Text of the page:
My deep love of wordless picture books continues. This year, my favorite book of 2018 was Wolf in the Snow by Matthew Cordell.
Wolf In the Snow by Matthew Cordell
Ages: Preschool through Middle School.
✍🏻Synopsis: A Wolf cub and a girl are lost in a snow storm. The girl travels far to help the wolf cub and that kindness is repaid by the wolves.
Intervention Targets: F And S-Blends, verbs, pronouns, narratives.
There is so much symbolism in this book, which makes is really easy to stretch activities to older students. For my preschoolers, I created a sensory bin. Affiliate links are included in this post.
Sensory bin materials:
Sugar and small marshmallows
When you’re creating your sensory bin, use what you already have in supply closet. With the sensory bin, I use story pieces to retell the story. We make up our own dialogue to match the story. Some of my youngest students are working on pronouns so we pair actions and sentences that include pronouns. We can work on following directions and use carrier phrases that include our speech sounds.
For my older students, I created a variety of companion activities in a Wordless Picture Book Companion.
I love to have the materials to support a wordless picture book on hand. it save me from making up target words and topics on the spot. The book companion includes resources for every goal. This is a black and white and low prep book companion meant for K to 6th grade. It features a lot of higher level language activities and could easily by used with middle schoolers as well. The companion is meant to give you an outline for instruction and structured practice. Clinicians should utilize their clinical skills to expand the lessons to meet each student’s specific goals.
Narrative Notes. Use this narrative note page to make notes while a student creates a story for the WLPB. Make notes for instruction. After instruction, use the same note sheet for a post assessment.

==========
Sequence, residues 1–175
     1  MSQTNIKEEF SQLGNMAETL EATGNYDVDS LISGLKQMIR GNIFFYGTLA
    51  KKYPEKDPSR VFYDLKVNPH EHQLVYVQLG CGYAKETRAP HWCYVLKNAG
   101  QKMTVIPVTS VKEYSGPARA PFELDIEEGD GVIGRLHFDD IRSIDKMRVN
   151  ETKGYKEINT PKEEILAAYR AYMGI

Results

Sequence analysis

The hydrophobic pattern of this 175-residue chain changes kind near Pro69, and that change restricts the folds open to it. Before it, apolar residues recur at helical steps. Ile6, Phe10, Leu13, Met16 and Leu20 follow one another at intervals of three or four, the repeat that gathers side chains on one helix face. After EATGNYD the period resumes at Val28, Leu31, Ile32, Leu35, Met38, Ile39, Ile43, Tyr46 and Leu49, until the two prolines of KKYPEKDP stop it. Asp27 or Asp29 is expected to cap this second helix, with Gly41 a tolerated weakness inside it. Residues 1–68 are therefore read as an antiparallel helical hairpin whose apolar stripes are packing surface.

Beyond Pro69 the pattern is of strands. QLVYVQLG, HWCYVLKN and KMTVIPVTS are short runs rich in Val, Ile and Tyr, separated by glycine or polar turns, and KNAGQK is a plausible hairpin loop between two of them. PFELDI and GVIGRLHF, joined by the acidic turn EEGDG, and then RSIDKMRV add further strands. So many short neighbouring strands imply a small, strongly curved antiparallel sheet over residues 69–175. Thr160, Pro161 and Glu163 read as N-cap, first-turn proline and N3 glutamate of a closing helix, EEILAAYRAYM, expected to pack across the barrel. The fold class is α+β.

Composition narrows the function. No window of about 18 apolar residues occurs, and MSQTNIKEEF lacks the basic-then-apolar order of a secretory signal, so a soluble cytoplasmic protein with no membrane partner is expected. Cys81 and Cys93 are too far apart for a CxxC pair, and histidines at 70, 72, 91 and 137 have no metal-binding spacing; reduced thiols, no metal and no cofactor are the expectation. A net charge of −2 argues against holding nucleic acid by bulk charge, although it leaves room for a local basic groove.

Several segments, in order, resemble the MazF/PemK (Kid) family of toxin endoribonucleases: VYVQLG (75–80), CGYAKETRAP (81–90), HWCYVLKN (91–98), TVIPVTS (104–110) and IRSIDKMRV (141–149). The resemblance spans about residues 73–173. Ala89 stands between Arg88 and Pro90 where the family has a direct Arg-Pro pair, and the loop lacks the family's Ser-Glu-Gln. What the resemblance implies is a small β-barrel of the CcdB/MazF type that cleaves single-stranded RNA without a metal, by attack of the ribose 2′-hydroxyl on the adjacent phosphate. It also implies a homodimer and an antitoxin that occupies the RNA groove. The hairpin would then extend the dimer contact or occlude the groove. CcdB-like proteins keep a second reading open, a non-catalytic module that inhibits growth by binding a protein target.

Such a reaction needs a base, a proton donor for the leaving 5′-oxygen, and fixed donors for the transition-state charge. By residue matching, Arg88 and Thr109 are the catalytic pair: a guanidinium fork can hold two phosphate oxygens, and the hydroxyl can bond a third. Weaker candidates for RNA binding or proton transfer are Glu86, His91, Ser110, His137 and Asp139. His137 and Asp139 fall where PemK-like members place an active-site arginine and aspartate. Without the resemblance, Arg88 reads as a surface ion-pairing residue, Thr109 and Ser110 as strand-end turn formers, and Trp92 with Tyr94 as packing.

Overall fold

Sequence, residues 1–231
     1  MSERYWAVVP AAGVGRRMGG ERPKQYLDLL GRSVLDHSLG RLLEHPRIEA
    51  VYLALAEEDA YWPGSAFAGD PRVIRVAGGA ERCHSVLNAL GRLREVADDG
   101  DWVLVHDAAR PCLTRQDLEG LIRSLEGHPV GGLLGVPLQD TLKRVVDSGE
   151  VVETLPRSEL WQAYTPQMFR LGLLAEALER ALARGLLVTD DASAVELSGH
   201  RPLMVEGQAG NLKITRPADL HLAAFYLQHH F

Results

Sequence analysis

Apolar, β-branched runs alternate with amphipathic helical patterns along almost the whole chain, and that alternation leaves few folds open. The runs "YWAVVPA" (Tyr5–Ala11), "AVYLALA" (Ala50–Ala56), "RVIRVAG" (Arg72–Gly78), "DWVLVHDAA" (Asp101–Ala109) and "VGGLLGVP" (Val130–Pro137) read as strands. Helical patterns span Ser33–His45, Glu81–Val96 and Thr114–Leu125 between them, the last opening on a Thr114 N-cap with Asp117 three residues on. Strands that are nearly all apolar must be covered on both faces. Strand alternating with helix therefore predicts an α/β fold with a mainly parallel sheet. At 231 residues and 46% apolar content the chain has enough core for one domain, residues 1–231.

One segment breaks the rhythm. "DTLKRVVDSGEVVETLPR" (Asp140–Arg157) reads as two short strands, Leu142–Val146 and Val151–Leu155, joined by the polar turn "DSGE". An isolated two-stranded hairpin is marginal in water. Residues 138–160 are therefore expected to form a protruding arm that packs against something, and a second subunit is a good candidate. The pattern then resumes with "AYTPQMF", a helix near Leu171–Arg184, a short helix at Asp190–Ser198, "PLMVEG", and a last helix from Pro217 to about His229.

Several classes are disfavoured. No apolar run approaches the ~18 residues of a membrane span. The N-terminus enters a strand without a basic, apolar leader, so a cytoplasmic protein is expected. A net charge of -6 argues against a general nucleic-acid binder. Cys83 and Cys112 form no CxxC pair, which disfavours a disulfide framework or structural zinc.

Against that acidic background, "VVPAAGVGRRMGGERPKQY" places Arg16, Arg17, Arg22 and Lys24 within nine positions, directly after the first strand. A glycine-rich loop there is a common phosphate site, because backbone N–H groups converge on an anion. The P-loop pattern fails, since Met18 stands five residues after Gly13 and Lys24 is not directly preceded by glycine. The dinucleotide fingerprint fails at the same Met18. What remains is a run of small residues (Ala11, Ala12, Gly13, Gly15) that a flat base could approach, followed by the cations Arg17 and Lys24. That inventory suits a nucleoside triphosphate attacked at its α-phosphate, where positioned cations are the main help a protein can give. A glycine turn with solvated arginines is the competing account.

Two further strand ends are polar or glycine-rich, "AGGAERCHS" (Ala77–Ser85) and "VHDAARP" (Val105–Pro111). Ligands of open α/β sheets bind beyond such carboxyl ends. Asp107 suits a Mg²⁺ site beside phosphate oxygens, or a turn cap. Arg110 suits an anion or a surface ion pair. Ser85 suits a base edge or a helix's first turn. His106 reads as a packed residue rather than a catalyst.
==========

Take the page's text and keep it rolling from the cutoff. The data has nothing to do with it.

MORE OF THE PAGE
Figurative Language Cards. Use the three included figurative language cards as a poster or cut apart and practice matching the phrase to its meaning.
Vocab Level 1. Basic vocabulary cards. Use as a poster or cut apart and practice matching the word to the picture.
Vocab Level 2. Higher level vocabulary cards. Use as a poster or cut apart and practice matching the word to the picture.
Antonym Lists. Use as a poster or cut apart and practice matching the word to the picture.
Making Inferences. Use the inferencing probes on page 14 to reflect on inferences throughout the book. Complete the chart on page 15 with inferences from the text.
Fluency. Make up a sentence for a page in the book. Use a fluency enhancing strategy or stuttering modification strategy while reading the sentence.
Articulation Word List. This page contains initial, medial, and final position words for F, S, K, SH, R, L, S blends, and L blends.
Theme. Focus on the theme of the text using this worksheet. Themes for this text include curiosity, wonder, and more than meets the eye.
Critical Thinking. Utilize the question prompts to develop critical thinking skills in your students. If this is a targeted skill, create a debate and ask your students to defend their arguments in a writing prompt.
Dig Deep. Read the information about two topics related to the book. Answer the questions related to the non-fiction text.
Describing. Create descriptive sentences about the scenes in the book.
Write the Book. Use the two pages to create a story. Add dialogue with the speech bubbles. Cut these out and place them in the book. Two word banks are included with varying levels.
WH Questions. Answer the WH questions included. Utilize the text as a visual support if needed.
Watch the trailer. Scan the code with a QR reader and watch the movie trailer created by the publishing company. What do you notice that is different than the book?
Art. Use watercolors or colored pencils to create a scene from the book. Use the probes on page 28 to target specific skills and collect data.
Social Prompts. Cut the prompts apart and put them in a bowl. Take turns asking each other the included prompts.
Picture Walk Stems. Take a “picture walk” through the book and use the thinking stems included.
Sequencing. Cut apart and sequence the six story retell cards.
Book Pocket. Create a book pocket and glue it into the front of the book to store cards.
If you enjoy learning about picture books that you can use in speech therapy, follow my new Instagram account @SpeechRoomLibrary. I’m posting all my favorite books here throughout the entire year!
I’d love to hear about your other favorite wordless picture books. Leave a comment below so I can check them out!
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